When You Vote, Don’t Forget the Constitutional Amendments!

By Senator Mark Obenshain (R-Harrisonburg)

Unless you’ve taken up residency in a cave somewhere, you know all about the candidates on the ballot this November. We’ve come a long way since George H. W. Bush observed that American spent more on pork rinds each year than they did on all federal elections combined.

Besides, as a Bearing Drift reader, I’m confident that you’re unusually well informed.

But while the candidates are getting all the airtime, they’re not alone on the ballot this November. Voters will also get to choose whether or not to ratify two Amendments to the Constitution of Virginia, and frankly, this is a big deal.

And it should be. As conservatives, we talk about our commitment to constitutional principles, and about the importance of constitutional government. So whenever we’re looking at the possibility of amending the constitution – state or federal – we ought to stand up and take notice.

Fortunately, I think that both of the Amendments coming before the voters in November are good ones (in fact, I am the Senate patron for one). Let me explain.

Ballot Issue 1: The Virginia Property Rights Amendment
If you’ve heard of just one Amendment up for ratification, this is it, and with good reason. It is a response to the Kelo v. New London decision by the Supreme Court and to documented abuses of eminent domain here in Virginia. This Amendment would require that any property taken by the state or local government under its eminent domain power constitute a true “public use” and would ensure that property owners whose land is taken receive just compensation.

Really, then, what this Amendment does is restore the original conception of eminent domain. Takings have always had to be for public use – something that traditionally meant roads, schools, and utilities. Over time, many state and local governments began substituting the much more expansive term “public purpose,” which could encompass just about anything the government wanted to do.

This is how local governments wind up taking someone’s property not because it’s needed to build a road, but because they think they have a better use for it: that a row of houses would make a great business park or that your farm could be better used as a large “box store.”

In the past these takings have been defended as being for the “public benefit”: there will be a new owner that will pay more tax. The Constitution, however, allows takings for “public use,” and not because some local governmental body has decided that someone else can put my property – or yours – to a “better” use. And, if you’ll excuse the editorializing, such abusive takings are just plain wrong.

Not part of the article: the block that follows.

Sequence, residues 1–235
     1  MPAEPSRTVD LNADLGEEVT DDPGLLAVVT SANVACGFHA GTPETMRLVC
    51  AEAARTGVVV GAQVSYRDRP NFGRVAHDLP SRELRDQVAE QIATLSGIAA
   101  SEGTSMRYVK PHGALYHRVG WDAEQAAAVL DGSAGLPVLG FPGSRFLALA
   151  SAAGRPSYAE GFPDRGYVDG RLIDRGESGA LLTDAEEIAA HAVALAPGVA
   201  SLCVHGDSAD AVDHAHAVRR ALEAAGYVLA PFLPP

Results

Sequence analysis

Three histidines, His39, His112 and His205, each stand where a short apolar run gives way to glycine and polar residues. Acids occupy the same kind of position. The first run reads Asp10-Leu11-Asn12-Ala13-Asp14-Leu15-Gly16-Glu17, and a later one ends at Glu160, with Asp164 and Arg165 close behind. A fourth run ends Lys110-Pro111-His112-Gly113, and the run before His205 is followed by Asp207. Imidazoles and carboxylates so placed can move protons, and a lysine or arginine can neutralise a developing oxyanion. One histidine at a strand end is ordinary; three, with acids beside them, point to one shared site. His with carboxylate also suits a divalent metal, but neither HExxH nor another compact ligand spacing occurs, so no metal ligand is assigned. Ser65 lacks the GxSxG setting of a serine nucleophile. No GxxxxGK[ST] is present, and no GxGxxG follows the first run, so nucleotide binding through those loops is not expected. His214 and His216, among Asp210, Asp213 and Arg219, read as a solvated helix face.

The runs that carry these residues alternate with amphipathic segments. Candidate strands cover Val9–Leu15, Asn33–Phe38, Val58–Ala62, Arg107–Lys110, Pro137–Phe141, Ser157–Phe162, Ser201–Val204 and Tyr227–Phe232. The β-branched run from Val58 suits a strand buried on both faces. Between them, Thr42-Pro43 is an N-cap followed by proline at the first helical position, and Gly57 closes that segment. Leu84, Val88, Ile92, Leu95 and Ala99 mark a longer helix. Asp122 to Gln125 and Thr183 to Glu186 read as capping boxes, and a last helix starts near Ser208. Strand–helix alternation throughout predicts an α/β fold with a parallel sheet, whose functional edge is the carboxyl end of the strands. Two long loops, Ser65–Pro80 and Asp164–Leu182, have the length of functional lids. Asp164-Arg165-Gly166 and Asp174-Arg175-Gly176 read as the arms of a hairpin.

It’s an illegitimate use of the power of eminent domain, and the Virginia Property Rights Amendment will put an end to it.

The Amendment defines “public use,” offering a definition broad enough to encompass legitimate takings but not so broad as to let governments trample on property rights. It also establishes that “just compensation” includes compensation for lost profits and lost access.

This doesn’t mean profits in perpetuity or anything like that, but what it does mean is that if a business has to temporary close its doors while moving to a new location, or if a farmer loses the crop he was just about to harvest, those losses are compensable so long as the owner can prove the loss. Lost access, meanwhile, speaks to cases where what remains of a person’s property after a taking is impaired by a severe reduction of access, which is also to be taken into account in determining what constitutes just compensation.

If we believe that property rights are important, we can’t turn a blind eye to eminent domain abuse. The Virginia Property Rights Amendment will enshrine the right of private property in the Constitution of Virginia – where it belongs.

Ballot Issue 2: Reconvened Session Amendment
Six weeks after the end of every legislative session, the General Assembly briefly reconvenes for a “veto session” for the purpose of taking up amendments offered by the Governor and upholding or rejecting the Governor’s vetoes. So far, so good. But we’ve run into an issue with the calendar.

When the current language of the Constitution of Virginia was adopted, the General Assembly was expected to have thirty-day sessions, but now our sessions alternate between 45 and 60 days, which means that sometimes the reconvened session falls during Passover.

The second ballot issue, then, is a simple fix, an Amendment that would allow the General Assembly to delay the start of the veto session for up to one week to avoid the possibility of scheduling the session over a religious holiday. It’s a wholly uncontroversial Amendment that does nothing to change the nature of the veto session, merely granting the legislature enough flexibility to keep it from convening during Passover.

I believe that both Amendments on the ballot this fall merit ratification, and I hope that you will join me in voting for them in November!